Texas Sheriffs Today
Feb. 7, 2014

No indictment for man who shot Burleson County deputy
The Associated Press via The Charlotte Observer
Henry Goedrich Magee was not indicted by a grand jury in the shooting that led to the death of Burleson County Sgt. Adam Sowders. At the time of the incident, Sowders was working with others to execute a search warrant for Magee's residence. The charge declined by the grand jury was capital murder. More

Harris County sheriff baffled by slaying of family
Officer.com via Houston Chronicle
Harris County Sheriff Adrian Garcia and his investigators struggled to find an explanation for the shooting deaths of a mother, father and their two sons in Cypress while pleading for the public's help in catching the killer. Five days after finding the family — all shot in the head in their bedrooms — investigators said they remain baffled and implored witnesses to come forward.More

Used police cars sold online, North Texas detectives seek impersonators
Boyd police recently retired a vehicle, the chief said, and it was supposed to be stripped of decals and equipment by the McKinney dealership that bought it. But someone advertised the car for sale on Craigslist "as-is" for $5,700. More

Dallas police team climbs skyscraper for officer's son
The "Big D Climb" is an annual fundraiser for the Leukemia and Lymphoma Society. A team from the Dallas Police department accepted the challenge for a child of one of their own — Senior Cpl. Curtis Steger.More

FBI reports increase of active shooter events, 2002-12
On April 20, 1999, two Columbine High School students killed twelve classmates and a teacher in Littleton, Colo. The shooters committed suicide before officers entered the school to intervene. Outrage on the part of the public and deep introspection by the police produced massive changes in law enforcement response to ongoing acts of violence.More

2013 was a record-breaking year for exonerations
The University of Michigan
The National Registry of Exonerations has recorded 87 exonerations that occurred in 2013. The next highest total was in 2009, with 83 known exonerations. The difference is bound to grow as we learn about additional exonerations that occurred in 2013. More

5 tips for officer self-rescue
Law Officer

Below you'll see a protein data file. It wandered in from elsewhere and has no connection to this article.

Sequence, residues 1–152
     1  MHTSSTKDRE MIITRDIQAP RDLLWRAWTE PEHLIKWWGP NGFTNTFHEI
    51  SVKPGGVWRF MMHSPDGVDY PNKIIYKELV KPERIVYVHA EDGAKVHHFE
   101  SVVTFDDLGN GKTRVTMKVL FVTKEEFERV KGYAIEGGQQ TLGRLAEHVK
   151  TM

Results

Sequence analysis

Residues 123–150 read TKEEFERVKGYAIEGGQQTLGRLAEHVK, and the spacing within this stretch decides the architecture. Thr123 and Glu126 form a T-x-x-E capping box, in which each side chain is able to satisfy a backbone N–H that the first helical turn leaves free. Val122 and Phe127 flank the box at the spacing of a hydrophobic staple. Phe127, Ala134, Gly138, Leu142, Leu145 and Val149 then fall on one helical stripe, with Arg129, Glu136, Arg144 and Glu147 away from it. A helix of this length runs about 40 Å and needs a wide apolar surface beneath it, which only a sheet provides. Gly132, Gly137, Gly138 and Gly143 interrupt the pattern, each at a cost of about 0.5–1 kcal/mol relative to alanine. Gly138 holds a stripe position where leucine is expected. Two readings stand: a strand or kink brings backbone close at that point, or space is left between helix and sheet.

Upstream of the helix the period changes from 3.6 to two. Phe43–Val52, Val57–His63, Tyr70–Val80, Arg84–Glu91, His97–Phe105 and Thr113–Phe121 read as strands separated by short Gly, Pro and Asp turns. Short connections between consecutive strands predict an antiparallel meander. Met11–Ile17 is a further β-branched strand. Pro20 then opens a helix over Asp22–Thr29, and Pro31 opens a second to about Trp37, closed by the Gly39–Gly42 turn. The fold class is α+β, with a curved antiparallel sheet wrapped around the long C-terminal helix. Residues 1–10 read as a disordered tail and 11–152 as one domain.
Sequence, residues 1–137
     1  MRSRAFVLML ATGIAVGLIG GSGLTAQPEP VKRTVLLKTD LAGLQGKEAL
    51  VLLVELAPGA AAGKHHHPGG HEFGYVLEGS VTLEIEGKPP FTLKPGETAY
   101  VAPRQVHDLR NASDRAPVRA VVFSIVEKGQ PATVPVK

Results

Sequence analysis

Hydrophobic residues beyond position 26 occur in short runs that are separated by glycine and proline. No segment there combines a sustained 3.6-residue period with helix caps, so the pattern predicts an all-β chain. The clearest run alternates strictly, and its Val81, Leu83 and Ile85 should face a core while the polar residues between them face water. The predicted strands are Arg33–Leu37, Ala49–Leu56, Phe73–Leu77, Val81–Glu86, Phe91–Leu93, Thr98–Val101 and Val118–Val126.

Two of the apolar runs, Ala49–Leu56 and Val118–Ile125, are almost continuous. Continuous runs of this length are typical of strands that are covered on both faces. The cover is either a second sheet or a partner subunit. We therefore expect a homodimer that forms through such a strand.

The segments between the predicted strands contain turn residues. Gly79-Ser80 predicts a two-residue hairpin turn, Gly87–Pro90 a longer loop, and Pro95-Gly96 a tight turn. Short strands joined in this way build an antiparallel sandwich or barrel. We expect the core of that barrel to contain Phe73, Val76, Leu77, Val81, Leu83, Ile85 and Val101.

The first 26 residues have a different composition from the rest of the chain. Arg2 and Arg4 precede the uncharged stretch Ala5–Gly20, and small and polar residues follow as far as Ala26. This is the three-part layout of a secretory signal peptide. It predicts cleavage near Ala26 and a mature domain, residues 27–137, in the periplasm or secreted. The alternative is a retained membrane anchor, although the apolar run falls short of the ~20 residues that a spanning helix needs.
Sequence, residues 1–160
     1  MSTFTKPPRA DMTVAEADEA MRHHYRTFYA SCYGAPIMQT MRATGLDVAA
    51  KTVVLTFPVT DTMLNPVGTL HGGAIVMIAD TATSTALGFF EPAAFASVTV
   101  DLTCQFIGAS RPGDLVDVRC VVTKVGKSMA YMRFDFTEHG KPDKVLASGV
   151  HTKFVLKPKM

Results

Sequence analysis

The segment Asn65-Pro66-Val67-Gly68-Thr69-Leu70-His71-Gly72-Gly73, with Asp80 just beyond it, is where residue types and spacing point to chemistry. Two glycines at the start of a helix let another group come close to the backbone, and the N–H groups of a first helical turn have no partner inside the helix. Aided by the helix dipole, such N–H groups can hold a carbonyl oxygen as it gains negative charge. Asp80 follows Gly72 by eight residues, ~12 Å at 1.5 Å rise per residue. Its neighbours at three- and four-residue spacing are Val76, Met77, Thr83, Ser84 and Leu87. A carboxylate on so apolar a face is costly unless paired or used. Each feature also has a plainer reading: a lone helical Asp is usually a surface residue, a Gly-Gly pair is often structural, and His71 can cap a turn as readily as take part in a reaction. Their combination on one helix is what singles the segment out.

In light of the spate of attacks on officers, we reached out to long-time contributor and emergency medicine expert Eric Dickinson for some practical tips on tactical medicine and self-applied emergency first aid.More

How massacres are refining training techniques
Rarely are there definitive revelations that arise when examining what went right or wrong in the aftermath of a tragedy. Infrequently is there an "a-ha!" moment about some foolproof trick we had somehow missed before. But each shooting and each attack provides minute details into how officers responded and how gunmen acted — and every small factor can bring us one step closer to a safer response. More

Trusting the crosswalk button in your department
By Capt. Jeffrey Williams
Why is so much apparent anger directed toward the crosswalk button? The button will work by just pushing it once, but after repeated battering, it eventually will not work and will need to be repaired or replaced. Why don't pedestrians trust the crosswalk button?More

Cigarette trafficking: A big problem in a small package
By Liz Murphy
The circumvention of a state's cigarette excise tax may not seem like a criminal enterprise worthy of serious attention from law enforcement. But Corporal Detective Johnny Capocelli of Virginia's Chesterfield County Police Department strongly disagrees. "This isn't a tax issue. This is about the criminal activities associated with cigarette trafficking," Capocelli says.More

Argyle police earn honor
Denton Record Chronicle
The Argyle Police Department recently became the fourth agency in Denton County to receive “recognized” status from the Texas Police Chiefs Association Best Practices Recognition Program.More

Senate Judiciary Committee approves major drug sentencing reforms
By a vote of 13 to 5, the Senate Judiciary Committee approved the Smarter Sentencing Act, which was introduced by Sens. Richard Durbin, D-Ill., and Mike Lee, R-Utah, in July 2013. The Drug Policy Alliance calls it "the biggest overhaul in federal drug sentencing in decades." More

Ohio law enforcement uses social media to fight crime
Several law enforcement departments in central Ohio have discovered that social media can be a powerful tool to fight crime. For example, since 2012, Grove City police said they have used Facebook and Twitter to share safety information, public service announcements and crime alerts. More